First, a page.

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DAA previously moved to purchase the facility after a shortage of reasonably priced places this summer. Alamy
No deal

Competition watchdog blocks Dublin Airport operator from purchasing private car park

The CCPC said the purchase could lead to increased prices for customers, and reductions in quality of service.

THE COMPETITIONS WATCHDOG has blocked the operators of Dublin Airport from purchasing a privately-owned car park near to the site following an investigation into the acquisition.

DAA, the operators of the airport, previously moved to purchase a QuickPark facility in Santry, Co Dublin to immediately increase the number of car parking spaces by over 6,000 after a shortage of reasonably priced places this summer.

Last August, the Competitions and Consumer Protection Commission (CCPC) announced it would be investigating the matter following a number of third-party submissions objecting to the acquisition.

Announcing the conclusion of its investigation today, CCPC said it blocked DAA from purchasing the site due to concerns that the deal would “lead to higher prices and lower service quality for consumers”.

The site, which was previously closed in September 2020 during the Covid-19 pandemic, is owned businessman Gerard Gannon and is located on the Swords Road.

DAA already owns and operates all other large car parks serving Dublin Airport.

The watchdog’s chair Brian McHugh said the acquisition would “eliminate” DAA’s only significant competitor, resulting in the operator “essentially having a near monopoly” for parking.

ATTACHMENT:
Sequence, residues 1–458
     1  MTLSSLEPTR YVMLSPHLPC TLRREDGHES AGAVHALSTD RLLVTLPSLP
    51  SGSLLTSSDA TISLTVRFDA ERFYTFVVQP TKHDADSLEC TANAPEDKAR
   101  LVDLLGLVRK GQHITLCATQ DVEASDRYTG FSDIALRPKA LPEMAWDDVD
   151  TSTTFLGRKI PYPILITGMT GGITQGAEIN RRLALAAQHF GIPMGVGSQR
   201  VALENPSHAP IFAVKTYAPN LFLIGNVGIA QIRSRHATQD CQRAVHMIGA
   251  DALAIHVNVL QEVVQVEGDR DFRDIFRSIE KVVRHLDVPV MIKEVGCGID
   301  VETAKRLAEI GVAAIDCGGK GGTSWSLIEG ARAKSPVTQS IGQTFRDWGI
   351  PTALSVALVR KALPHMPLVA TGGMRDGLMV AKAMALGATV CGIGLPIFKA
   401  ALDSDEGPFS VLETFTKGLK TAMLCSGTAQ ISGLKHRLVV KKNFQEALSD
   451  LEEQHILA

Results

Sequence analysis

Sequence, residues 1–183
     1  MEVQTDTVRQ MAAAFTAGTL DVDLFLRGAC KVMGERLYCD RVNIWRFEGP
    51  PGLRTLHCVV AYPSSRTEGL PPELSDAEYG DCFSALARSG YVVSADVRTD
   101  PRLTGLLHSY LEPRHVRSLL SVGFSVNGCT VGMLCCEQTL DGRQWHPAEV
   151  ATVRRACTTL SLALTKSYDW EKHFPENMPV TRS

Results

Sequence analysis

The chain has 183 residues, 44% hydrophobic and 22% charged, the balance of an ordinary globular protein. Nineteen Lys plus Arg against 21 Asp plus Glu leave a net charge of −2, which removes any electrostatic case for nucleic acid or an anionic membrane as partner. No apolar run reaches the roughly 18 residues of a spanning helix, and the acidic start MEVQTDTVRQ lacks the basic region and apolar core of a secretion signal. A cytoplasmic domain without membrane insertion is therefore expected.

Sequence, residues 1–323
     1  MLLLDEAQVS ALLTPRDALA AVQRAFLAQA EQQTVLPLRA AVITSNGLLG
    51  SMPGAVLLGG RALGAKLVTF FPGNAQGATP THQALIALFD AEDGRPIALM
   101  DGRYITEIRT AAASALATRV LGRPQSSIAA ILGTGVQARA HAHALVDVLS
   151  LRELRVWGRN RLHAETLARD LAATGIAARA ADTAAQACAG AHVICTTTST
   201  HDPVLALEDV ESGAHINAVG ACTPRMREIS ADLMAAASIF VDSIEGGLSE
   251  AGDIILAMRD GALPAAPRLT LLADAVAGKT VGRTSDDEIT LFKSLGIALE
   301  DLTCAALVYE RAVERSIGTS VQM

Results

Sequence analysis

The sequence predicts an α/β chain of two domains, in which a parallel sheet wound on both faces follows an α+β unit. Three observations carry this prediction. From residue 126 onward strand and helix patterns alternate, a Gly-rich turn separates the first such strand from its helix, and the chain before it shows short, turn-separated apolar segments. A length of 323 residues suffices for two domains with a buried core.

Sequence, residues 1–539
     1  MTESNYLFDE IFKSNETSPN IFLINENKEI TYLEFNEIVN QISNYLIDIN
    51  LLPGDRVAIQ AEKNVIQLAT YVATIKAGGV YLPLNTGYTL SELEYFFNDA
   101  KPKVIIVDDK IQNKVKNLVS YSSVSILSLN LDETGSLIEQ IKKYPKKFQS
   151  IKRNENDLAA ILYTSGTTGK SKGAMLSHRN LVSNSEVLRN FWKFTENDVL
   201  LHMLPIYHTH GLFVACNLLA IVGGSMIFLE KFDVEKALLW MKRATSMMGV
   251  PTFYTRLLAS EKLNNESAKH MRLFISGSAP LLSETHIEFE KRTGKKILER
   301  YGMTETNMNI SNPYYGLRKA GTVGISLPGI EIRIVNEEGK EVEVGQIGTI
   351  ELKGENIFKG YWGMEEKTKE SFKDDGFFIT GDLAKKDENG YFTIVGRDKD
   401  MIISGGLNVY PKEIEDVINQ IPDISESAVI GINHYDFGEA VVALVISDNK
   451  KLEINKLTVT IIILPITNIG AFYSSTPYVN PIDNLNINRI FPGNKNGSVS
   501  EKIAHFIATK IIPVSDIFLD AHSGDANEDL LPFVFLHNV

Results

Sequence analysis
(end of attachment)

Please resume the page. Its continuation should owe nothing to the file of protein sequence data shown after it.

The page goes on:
The findings of the investigation found, if the purchase were to go ahead, DAA would control 90% of parking facilities around the airport. Six hotels in the area currently control alternative parking facilities, five of which just hold 1% of capacity.

The CCPC said the current car park provides an “important level of competition” and that previous promotions from the former operator of the private car park put pressure on DAA to reduce prices and increase the quality of its services in the past.

While the watchdog said that the QuickPark site remains an “attractive and viable business opportunity for alternative purchasers”, allowing the sale of the site to DAA could risk customers facing increased prices and reduced quality of service.

Responding to the decision by the CCPC today, DAA said it was disappointed with the ruling and that it was “bad news” for customers who will face difficulty finding adequate parking facilities at the Airport.

“daa is baffled by the CCPC view that daa buying the facility would have led to car park prices increasing: it would have the opposite effect, as is the norm in supply and demand economics,” a spokesperson said.

The operators are reviewing the decision and will consider appealing the ruling, they added.

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